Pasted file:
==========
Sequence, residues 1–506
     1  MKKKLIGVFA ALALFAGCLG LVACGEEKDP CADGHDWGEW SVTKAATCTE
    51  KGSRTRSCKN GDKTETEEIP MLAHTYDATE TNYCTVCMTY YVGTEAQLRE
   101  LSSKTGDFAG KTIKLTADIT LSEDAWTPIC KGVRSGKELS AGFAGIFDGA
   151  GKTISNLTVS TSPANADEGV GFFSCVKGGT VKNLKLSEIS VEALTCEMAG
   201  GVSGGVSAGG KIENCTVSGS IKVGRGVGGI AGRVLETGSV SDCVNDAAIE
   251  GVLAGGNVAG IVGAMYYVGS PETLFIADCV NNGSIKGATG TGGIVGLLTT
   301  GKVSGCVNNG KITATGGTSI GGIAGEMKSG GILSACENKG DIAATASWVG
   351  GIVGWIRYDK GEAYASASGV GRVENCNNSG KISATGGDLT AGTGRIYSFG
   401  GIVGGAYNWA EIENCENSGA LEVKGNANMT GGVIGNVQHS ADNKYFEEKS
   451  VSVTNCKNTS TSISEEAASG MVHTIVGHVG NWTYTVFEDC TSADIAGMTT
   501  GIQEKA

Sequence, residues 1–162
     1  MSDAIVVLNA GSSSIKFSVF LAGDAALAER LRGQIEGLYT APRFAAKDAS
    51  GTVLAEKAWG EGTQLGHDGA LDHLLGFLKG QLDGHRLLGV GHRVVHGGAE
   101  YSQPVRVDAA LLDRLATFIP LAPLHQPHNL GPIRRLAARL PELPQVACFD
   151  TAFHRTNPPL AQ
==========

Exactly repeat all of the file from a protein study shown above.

Sequence, residues 1–506
     1  MKKKLIGVFA ALALFAGCLG LVACGEEKDP CADGHDWGEW SVTKAATCTE
    51  KGSRTRSCKN GDKTETEEIP MLAHTYDATE TNYCTVCMTY YVGTEAQLRE
   101  LSSKTGDFAG KTIKLTADIT LSEDAWTPIC KGVRSGKELS AGFAGIFDGA
   151  GKTISNLTVS TSPANADEGV GFFSCVKGGT VKNLKLSEIS VEALTCEMAG
   201  GVSGGVSAGG KIENCTVSGS IKVGRGVGGI AGRVLETGSV SDCVNDAAIE
   251  GVLAGGNVAG IVGAMYYVGS PETLFIADCV NNGSIKGATG TGGIVGLLTT
   301  GKVSGCVNNG KITATGGTSI GGIAGEMKSG GILSACENKG DIAATASWVG
   351  GIVGWIRYDK GEAYASASGV GRVENCNNSG KISATGGDLT AGTGRIYSFG
   401  GIVGGAYNWA EIENCENSGA LEVKGNANMT GGVIGNVQHS ADNKYFEEKS
   451  VSVTNCKNTS TSISEEAASG MVHTIVGHVG NWTYTVFEDC TSADIAGMTT
   501  GIQEKA

Sequence, residues 1–162
     1  MSDAIVVLNA GSSSIKFSVF LAGDAALAER LRGQIEGLYT APRFAAKDAS
    51  GTVLAEKAWG EGTQLGHDGA LDHLLGFLKG QLDGHRLLGV GHRVVHGGAE
   101  YSQPVRVDAA LLDRLATFIP LAPLHQPHNL GPIRRLAARL PELPQVACFD
   151  TAFHRTNPPL AQ